Employer can’t just fire sick worker 

Jennifer C. from Bernal Heights asks this week’s question:

Q: “I work full time for a local startup company with about 45 employees. I found out that I have a condition that requires me to undergo a couple of surgeries. I went to my employer and asked for time off to have the surgery. My human resources department told me that I didn’t qualify for medical leave because our company is not large enough. I took off work for the surgery because I had to. After I had used my available sick days, they sent me a letter saying that I had been ‘separated from my employment for excessive absenteeism.’ They also told me that, when I was better, I could re-apply and I would be considered for any available job. I didn’t need much time off. Is this legal?”

A: Jennifer, this is a classic case of unlawful action that we often see happening more out of ignorance rather than malice. There are two laws that can apply in a situation such as this: the Family Medical Leave Act and the Americans With Disabilities Act. Both have a California equivalent, but I will use their more recognized federal acronyms.

The FMLA provides for up to 12 weeks of unpaid leave, with the right to be reinstated to the same or similar position with the same salary and benefits. During the time that you are out on leave, your employer must maintain your health coverage. Under the ADA, an employer must provide an employee with a disability a reasonable accommodation so long as it does not constitute an undue hardship for the employer.

Under both laws, there is an analysis undertaken to see if the employee is qualified to receive legal protection. Under the FMLA, people can take time off for their own serious health conditions or to care for a family member. Under the ADA, people can qualify if they have a disability, i.e., they are limited in one or more major life activities, but, with a reasonable accommodation, they can accomplish the essential functions of their job. An illness can qualify as a serious health condition as well as a disability.

One major distinction between the two laws is the size of the enterprise’s workforce. Employee ADA rights apply to companies with five or more employees. Rights under the FMLA accrue only in enterprises with 50 or more employees. Therefore, if you work in a company with 50 or more employees, you may have the right to the benefits under both laws.

In your case, it appears that because of your employer’s size, having fewer than 50 employees, you would not be covered by the FMLA. However, since you work for an employer with more than five employees, you are eligible for coverage under the ADA and, therefore, you may be entitled to a reasonable accommodation.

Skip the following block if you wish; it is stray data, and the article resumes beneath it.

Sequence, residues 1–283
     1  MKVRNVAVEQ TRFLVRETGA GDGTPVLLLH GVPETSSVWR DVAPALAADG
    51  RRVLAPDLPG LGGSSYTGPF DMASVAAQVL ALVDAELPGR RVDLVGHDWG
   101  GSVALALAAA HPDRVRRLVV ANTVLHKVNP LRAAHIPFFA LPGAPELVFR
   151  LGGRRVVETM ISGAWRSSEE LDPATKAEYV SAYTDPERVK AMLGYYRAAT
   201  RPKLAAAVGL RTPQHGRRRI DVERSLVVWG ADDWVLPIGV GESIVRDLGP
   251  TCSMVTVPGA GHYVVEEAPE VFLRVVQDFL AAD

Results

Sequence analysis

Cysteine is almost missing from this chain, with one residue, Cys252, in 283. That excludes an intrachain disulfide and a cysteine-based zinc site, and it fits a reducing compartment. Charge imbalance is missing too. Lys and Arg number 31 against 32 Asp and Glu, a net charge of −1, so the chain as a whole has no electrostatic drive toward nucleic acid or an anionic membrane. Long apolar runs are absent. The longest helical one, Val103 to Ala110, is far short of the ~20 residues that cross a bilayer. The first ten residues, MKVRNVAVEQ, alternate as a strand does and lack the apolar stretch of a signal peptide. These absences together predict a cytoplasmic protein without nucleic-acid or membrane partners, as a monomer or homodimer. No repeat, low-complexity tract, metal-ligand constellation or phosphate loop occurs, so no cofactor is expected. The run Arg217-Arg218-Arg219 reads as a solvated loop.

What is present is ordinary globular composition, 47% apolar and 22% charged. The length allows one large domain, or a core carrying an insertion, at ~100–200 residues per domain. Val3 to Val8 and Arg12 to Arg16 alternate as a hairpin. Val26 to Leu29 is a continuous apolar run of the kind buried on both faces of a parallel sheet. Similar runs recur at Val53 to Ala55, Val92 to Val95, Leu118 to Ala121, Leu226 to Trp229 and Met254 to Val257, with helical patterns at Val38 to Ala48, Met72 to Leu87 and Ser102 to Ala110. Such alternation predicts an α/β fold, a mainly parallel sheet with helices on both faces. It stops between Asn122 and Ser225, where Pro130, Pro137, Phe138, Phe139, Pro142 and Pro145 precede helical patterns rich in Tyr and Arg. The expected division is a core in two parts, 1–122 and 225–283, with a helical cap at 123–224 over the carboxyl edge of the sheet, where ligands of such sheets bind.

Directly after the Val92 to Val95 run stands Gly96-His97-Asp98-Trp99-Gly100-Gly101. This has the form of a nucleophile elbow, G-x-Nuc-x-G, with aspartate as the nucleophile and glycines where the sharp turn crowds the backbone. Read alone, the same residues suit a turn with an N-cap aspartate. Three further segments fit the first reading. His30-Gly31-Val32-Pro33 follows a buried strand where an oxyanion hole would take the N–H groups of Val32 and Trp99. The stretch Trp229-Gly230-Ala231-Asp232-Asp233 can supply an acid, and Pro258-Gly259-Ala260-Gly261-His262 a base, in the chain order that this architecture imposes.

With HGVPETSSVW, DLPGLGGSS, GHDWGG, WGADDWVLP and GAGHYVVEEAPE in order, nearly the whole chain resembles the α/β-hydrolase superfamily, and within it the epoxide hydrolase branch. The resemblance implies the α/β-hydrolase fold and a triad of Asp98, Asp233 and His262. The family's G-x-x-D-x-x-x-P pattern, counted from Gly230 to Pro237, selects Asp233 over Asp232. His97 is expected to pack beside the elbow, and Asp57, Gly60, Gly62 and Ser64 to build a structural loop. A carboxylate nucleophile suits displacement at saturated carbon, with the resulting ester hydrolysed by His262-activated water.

No particular request form is required when asking for an accommodation. An employer’s obligation to accommodate arises when the employer becomes aware of the disability and physical limitation. This duty arises even if the employee has not requested any accommodation.

An employer must provide an accommodation unless to do so would create an undue business hardship. The courts have held that holding a job open for a disabled employee who needs time to recuperate or heal is in itself a form of reasonable accommodation and may be all that is required where it appears likely that the employee will be able to return to an existing position at some time in the foreseeable future.

As part of the reasonable accommodations process, the employer and employee must engage in a good-faith interactive process wherein they discuss what accommodations the employee or a doctor think may allow the employee to maintain employment. In this case, it appears that your employer’s HR department may have failed to understand your rights to a finite leave under the ADA. I suggest that you approach them, show them this article, and ask them to reinstate you as it does appear that your rights to a reasonable accommodation have been denied. If they continue to deny your rights, then find a good trial lawyer to assist you in securing reinstatement and damage remedies.

Christopher B. Dolan is owner of the Dolan Law Firm. Email questions to help@dolanlawfirm.com.

Pin It

More by Christopher B. Dolan

Latest in Christopher Dolan

© 2019 The San Francisco Examiner

Website powered by Foundation